Aqara has launched the first occupancy sensor that works with Apple Home and can easily trigger automations based on whether someone is in the room or not. Here's how it works and if it's worth the money. Aqara FP2 Presence Sensor Smart home automation can be triggered by different circumstances. Time, location, the sun, a door opening, a button being pressed or when someone enters the room. This is usually achieved via motion sensors, but their temperamental detection makes them less than ideal for many rooms in the home. Aqara's FP2 sensor tries to solve that. An interesting design The Aqara FP2 is very interesting in design. It has the front of the sensor with an Aqara logo printed on it that sits atop an articulated arm. A USB-C cable plugs into the back of the sensor, coming out of the top - assuming you place it on a table. The base is magnetic, allowing it to be mounted on metal surfaces - such as a refrigerator - or on the two self-adhesive metal plates that Aqara includes in the box. Most motion sensors are small square battery-powered boxes that you can place around your home. The design makes it easier to place, but the power requirement is more difficult to overcome. Aqara FP2 is a small circleAqara includes a USB-C to USB-A cable in the box, but shame on you for not including a Type-C to Type-C. USB-A devices are becoming legacy devices, so including a Type-A cable in the box is no longer appropriate. Occupancy versus motion What is important to establish is the distinction between a presence sensor and a motion sensor. The latter is common, while the former has been elusive for Apple Home users. Motion sensors require significant movement to activate and can be triggered by pets, a car passing by a window, or someone in the room. They mostly use passive infrared radar - PIR for short - which is not very accurate and has other problems. Aqara FP2 vs. Eve Motion One of the most common problems is that when you sit still in a room, the motion sensor no longer knows you're there. It doesn't make automation easy. Enter occupancy sensors. They don't detect motion, but use mmWave radar to detect up to five people in the room. It can lead to other functions which we will discuss later. Aqara FP2 on our bar shelf Between the two, a occupancy sensor is much more preferable, especially if you want a simple automation that turns the lights on when you enter a room and off when you leave. Apple Home Control Unlike some other Aqara accessories, the FP2 doesn't require the Aqara app, although it does benefit if you choose to use it. Initially, we just added the FP2 directly to the Home app with the pairing code pasted onto the stand. The Home app will guide you through the setup process as usual. The sensor was quickly identified after we plugged it in and assigned a room and a name. Technically, the FP2 has two sensors inside: a light sensor and the occupancy sensor. You can name them individually or leave them labeled as they are. Aqara FP2 continued setup in the Home app Finally, the Home app provides recommended automations you could use the sensor for based on the devices in the same room. For us, it suggested turning on the lights when occupancy is detected. Compared to controllable accessories, sensors are displayed at the top of the Home app for the entire home and each room. In our dining room we see the brightness in lux plus the occupancy. Aqara FP2 in the Home app Tapping on any of those sensors brings up the full view where you can rename, change the room, customize notifications and create new automation rules. The most basic automation you can make is to turn the lights on when you enter a room and then off when you leave. You can get more creative by configuring conditional rules to turn the lights on only when it's dark or turn them on for different levels of brightness and color tones based on the time of day. More Aqara functions Outside the Home app you can add the FP2 to the Aqara app. Again, this isn't necessary for bare-bones HomeKit control. If you have already added the device to the Home app, you need to bind the accessory to the Aqara app. If you start in the Aqara app it will be added to both from the start. Aqara app shows additional sensorsAqara shows the device as three different sensors; a light sensor, a presence sensor and a fall detector. The last is the most unique. If the FP2 is mounted on the ceiling, fall detection can alert you if someone falls in the room. This can be especially useful for those who care for the elderly. Even with the included magnets, mounting to the ceiling can be tricky. Unless you have ceiling-mounted outlets, there's no neat way to run a cord through a wall to plug the thing in. Most users will probably choose to place the sensor on a flat surface such as a bookshelf or table, although the higher the better. Apple Home's support for motion is quite limited, but Aqara offers a lot more controls. For example, you can create independent motion zones in a single room. Aqara FP2 features in the Aqara app To create the motion zones, we positioned ourselves at a certain point in a room and marked that area on the 2D scan generated by the FP2. You can even add stickers for objects such as sofas, chairs, etc. Automations can then be performed based on specific motion zone detection. It's basically the same as having multiple motion sensors in a single room. The sensor can detect up to five people at a time, so you can trigger one scene when someone is sitting on the couch and a second scene when someone enters, with a third light show when someone walks up to the aquarium. Adding presence sensing to Apple HomeMotion sensors can be one of the more useful accessories for a smart home, but they are fraught with limitations. A presence sensor helps to a certain extent, but doesn't completely solve the setbacks. Aqara FP2 is great for turning on bathroom lights. With a occupancy sensor, you can activate the lights in a room when you enter and not turn them off until you leave. This is great for common areas, bathrooms, closets and more. It also has an extensive feature set that can get incredibly detailed and technical for users willing to venture that far down the rabbit hole. In our testing, the device works well, detecting motion almost instantly when we walk into a room and causing our Hue and Nanoleaf bulbs to turn on instantly. There was usually only a maximum delay of a second before the lights came on, and they always went off a few moments after we left the room. There's a huge functional difference between a occupancy sensor and a motion sensor, but it's nowhere near as affordable. The hefty price tag makes it inconvenient to outfit every room and closet, but without competition you have little alternative. If you want to get the most out of your smart home, you have to pay for it. Aqara FP2 occupancy sensor - Pros Full Apple Home support USB-C power The first and only occupancy sensor to support Apple Home A bunch of extra features in the Aqara app No hub required Aqara FP2 occupancy sensor - Cons USB-C to USB included A cable rather than all Type-C No power adapter included Not easy to position Rating: 4 out of 5 Where to buy the Aqara FP2 occupancy sensor Pick up the Aqara FP2 on Amazon for $84.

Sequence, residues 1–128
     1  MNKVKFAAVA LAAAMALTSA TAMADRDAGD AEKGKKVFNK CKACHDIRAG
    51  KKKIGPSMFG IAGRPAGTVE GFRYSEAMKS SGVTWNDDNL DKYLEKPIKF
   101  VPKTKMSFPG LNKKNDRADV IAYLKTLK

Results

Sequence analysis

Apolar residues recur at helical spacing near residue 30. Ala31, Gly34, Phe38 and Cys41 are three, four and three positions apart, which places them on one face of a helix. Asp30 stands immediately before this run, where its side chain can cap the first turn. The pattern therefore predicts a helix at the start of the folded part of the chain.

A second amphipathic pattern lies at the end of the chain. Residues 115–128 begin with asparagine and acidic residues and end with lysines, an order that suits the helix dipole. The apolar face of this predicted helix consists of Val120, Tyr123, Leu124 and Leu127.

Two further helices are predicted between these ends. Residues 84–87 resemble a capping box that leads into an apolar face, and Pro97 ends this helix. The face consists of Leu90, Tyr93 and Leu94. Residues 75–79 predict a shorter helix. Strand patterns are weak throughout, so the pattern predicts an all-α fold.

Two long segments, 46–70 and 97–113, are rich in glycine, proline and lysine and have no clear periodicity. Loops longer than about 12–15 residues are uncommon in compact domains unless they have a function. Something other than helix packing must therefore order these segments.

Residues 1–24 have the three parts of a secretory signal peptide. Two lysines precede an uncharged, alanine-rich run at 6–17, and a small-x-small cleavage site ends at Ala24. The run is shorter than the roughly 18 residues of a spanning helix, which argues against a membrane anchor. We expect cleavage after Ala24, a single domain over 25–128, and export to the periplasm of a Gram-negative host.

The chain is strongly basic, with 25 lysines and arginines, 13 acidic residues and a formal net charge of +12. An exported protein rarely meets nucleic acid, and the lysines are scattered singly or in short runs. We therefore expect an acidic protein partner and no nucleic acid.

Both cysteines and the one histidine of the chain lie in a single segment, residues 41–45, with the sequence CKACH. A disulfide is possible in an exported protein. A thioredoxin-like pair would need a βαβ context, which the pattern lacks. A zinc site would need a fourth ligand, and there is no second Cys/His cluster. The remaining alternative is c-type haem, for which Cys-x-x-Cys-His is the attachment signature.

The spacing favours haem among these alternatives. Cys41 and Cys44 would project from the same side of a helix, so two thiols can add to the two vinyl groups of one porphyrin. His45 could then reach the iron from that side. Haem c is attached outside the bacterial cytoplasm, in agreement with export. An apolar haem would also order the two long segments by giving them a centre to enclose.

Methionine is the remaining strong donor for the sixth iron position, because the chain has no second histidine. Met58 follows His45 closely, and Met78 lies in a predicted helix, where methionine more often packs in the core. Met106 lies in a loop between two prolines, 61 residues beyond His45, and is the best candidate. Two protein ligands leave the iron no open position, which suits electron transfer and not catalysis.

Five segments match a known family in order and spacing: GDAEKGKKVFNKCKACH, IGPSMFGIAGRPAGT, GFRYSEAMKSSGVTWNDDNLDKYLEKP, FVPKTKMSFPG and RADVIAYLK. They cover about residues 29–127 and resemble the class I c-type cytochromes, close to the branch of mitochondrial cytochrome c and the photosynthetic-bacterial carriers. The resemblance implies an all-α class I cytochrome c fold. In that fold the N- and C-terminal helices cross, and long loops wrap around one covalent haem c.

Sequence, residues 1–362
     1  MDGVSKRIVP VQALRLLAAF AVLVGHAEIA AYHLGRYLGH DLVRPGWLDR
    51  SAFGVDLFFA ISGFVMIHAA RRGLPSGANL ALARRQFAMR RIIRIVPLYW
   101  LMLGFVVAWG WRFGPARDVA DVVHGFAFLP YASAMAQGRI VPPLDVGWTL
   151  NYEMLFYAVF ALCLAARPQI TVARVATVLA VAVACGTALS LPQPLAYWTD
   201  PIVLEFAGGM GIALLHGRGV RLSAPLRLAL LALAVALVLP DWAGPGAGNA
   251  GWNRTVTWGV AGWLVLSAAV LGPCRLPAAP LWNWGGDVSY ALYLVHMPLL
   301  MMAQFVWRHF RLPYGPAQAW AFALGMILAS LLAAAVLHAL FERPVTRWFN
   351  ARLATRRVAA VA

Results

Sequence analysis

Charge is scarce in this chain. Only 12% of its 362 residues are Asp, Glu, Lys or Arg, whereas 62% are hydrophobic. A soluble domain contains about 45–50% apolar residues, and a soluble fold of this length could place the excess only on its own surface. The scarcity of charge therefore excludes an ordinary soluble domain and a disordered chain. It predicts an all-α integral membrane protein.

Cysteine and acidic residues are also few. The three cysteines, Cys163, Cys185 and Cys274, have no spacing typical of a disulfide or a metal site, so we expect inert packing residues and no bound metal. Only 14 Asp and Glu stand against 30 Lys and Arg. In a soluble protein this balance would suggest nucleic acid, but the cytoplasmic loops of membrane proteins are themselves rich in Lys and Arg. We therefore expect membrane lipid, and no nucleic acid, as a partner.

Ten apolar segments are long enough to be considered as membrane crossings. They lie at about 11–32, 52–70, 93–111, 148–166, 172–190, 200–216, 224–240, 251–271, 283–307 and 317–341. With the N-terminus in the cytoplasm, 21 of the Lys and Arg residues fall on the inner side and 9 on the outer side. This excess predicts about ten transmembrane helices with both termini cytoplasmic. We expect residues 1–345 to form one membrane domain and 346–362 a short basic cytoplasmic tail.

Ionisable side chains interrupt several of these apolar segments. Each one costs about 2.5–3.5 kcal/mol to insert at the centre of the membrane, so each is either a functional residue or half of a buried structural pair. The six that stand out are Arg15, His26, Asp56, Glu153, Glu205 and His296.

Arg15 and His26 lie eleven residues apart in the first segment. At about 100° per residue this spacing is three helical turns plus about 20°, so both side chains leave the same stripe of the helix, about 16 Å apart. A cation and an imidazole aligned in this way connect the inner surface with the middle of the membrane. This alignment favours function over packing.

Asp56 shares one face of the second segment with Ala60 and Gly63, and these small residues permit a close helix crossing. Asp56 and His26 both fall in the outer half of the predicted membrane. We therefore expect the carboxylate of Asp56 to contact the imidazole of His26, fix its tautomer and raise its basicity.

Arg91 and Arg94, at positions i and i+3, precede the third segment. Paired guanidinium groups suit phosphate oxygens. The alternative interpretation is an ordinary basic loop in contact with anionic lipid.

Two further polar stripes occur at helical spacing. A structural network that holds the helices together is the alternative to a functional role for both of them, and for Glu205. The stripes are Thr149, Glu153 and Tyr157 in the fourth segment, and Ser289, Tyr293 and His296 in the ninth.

HomeKit.Blog is in no way affiliated with or endorsed by Apple Inc. or Apple related subsidiaries.
All images, videos and logos are the copyright of the respective rights holders, and this website does not claim ownership or copyright of the aforementioned.
All information about products mentioned on this site has been collected in good faith. However, the information relating to them, may not be 100% accurate, as we only rely on the information we are able to gather from the companies themselves or the resellers who stock these products, and therefore cannot be held responsible for any inaccuracies arising from the aforementioned sources, or any subsequent changes that are made that we have not been made aware of.
HomeKit.Blog Is A Participant In The Amazon Services LLC Associates Program, An Affiliate Advertising Program Designed To Provide A Means For Sites To Earn Advertising Fees By Advertising And Linking To Amazon Store (Amazon.com, Or Endless.com, MYHABIT.com, SmallParts.com, Or AmazonWireless.com).
The opinions expressed on this website by our contributors do not necessarily represent the views of the website owners.